The tunnel

Nora Spiegel
The tunnel
By the time they found him, the man was already dead. They avoided digging straight down in order to not injure the buried victim. The head of the corpse was turned upward as though waiting for them. But what the men really avoided talking about as they returned back to the valley later was the smile that was frozen on the face of the dead man.

The sudden silence had the numbing effect of a narcotic drug. The only perceptible noise was a light ringing tone that echoed in his ears. He had long ago lost his sense of direction and had absolutely no idea where he was. Up, down, left, right – all of these words had no meaning any more in the cold darkness that wrapped around him like a heavy, wet blanket. The absolute silence of the blackness around him contrasted sharply with the white chaos that just a few seconds earlier had ripped him down into the deep. He felt like an astronaut floating in space without orientation. His entire universe reached out until his stretched out arms which instinctively covered his face. This cavity filled with oxygen resembled a diver's bell. He already knew that this treasure of air would extend his life by about fifteen minutes. More, if he remained calm, less if he panicked.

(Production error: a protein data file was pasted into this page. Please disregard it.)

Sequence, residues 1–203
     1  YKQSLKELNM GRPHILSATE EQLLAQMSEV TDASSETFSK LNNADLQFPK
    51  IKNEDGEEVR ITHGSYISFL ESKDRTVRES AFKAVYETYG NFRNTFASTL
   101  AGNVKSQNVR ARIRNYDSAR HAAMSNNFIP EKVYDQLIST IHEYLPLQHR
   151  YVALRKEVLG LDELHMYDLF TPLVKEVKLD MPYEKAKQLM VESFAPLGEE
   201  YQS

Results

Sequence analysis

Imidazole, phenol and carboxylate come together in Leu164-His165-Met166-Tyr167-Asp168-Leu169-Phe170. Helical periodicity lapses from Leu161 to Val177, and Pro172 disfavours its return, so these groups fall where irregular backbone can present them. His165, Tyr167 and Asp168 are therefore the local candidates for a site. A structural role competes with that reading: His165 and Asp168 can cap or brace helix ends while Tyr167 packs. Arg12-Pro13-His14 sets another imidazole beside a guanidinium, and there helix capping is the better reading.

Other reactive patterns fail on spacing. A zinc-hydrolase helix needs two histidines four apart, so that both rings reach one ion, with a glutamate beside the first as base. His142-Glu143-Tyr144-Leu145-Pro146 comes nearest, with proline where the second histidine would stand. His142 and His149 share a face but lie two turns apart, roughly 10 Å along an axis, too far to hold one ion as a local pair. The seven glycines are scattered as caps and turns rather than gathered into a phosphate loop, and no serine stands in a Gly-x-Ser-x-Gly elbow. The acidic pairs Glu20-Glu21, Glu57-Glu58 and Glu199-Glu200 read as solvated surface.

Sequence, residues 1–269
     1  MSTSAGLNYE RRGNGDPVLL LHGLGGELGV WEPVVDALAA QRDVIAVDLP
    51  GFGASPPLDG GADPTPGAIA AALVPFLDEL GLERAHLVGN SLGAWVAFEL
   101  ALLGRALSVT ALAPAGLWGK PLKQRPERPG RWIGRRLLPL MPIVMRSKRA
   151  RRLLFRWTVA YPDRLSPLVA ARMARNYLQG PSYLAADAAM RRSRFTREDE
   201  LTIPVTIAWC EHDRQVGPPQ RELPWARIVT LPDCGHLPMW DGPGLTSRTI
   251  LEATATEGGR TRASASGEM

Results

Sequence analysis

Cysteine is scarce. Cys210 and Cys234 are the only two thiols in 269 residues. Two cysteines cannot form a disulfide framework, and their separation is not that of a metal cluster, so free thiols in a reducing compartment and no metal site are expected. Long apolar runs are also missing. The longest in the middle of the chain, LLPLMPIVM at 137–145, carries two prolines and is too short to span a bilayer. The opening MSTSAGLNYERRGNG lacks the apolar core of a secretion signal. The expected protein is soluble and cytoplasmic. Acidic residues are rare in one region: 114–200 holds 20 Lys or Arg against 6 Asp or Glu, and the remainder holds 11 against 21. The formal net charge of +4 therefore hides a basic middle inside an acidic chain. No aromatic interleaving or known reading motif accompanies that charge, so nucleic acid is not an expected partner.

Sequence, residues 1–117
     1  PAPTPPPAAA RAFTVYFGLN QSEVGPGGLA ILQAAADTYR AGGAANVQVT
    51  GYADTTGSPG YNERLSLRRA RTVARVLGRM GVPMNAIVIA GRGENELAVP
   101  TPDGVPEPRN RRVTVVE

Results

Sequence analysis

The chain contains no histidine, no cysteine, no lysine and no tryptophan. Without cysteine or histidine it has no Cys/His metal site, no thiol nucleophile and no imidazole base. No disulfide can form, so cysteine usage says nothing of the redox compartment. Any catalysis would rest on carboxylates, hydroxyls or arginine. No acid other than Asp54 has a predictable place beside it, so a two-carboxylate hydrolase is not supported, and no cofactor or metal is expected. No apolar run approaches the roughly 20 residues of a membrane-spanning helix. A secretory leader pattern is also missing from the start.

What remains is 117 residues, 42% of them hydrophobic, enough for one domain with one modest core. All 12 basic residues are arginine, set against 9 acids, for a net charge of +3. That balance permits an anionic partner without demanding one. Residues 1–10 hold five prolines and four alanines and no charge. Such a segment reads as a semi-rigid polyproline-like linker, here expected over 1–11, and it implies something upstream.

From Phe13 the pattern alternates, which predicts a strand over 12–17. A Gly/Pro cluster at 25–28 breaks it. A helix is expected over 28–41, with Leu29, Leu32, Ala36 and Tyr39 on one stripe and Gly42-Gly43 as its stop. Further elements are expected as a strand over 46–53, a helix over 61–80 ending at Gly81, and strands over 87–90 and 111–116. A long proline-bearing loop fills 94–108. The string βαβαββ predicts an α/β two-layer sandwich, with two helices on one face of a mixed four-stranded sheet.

Inhale. The bass hurt in his ears and he could feel how his entire body vibrated to the beat of the electro music. He had lost sight of Tim and stood alone in the middle of an ecstatic crowd, a plastic cup of beer in both hands. The gigantic stage was flanked by two enormous screens on which he could see how three tattooed band members were abusing their instruments. He saw the girl only after she had without warning fallen on his head from above. Apparently, her short crowd surfing adventure had come to an end right above him. As he helped her back to her feet, he let himself be taken by her embarrassed smile. “Sorry, I didn't mean that! By the way, my name's Anna.”
Exhale. He opened his eyes and saw Anna who was bending over him. From her long brown hair, which the salt water had matted into fine strands, drops fell into his eyes. He blinked and felt how she gently kissed his upper lip. Sea water and sun lotion combined with the taste of the sweet gummi bears which they had eaten on the beach. He wanted to sit up to look in her face and prop himself up on his elbows.
Inhale. It smelled like sickness and disinfectant. The couch in the waiting room was uncomfortable and covered with numerous, dubious stains. He tried once more to leaf though the dog-eared magazines, but he let them fall as a cry broke the silence. The midwife had told him that it would not be easy and he hadn't expected anything else from a birth of twins. Anna didn't want him to be in the birthing room and at first that had been a relief. However, soon her quailing screams that could easily be heard from the waiting room left him feeling helpless and anxious. He had already stood up to tell someone that he had changed his mind and wanted to come in when a smiling nurse entered the room. “Mr Klausner? Congratulations, you have two healthy daughters!”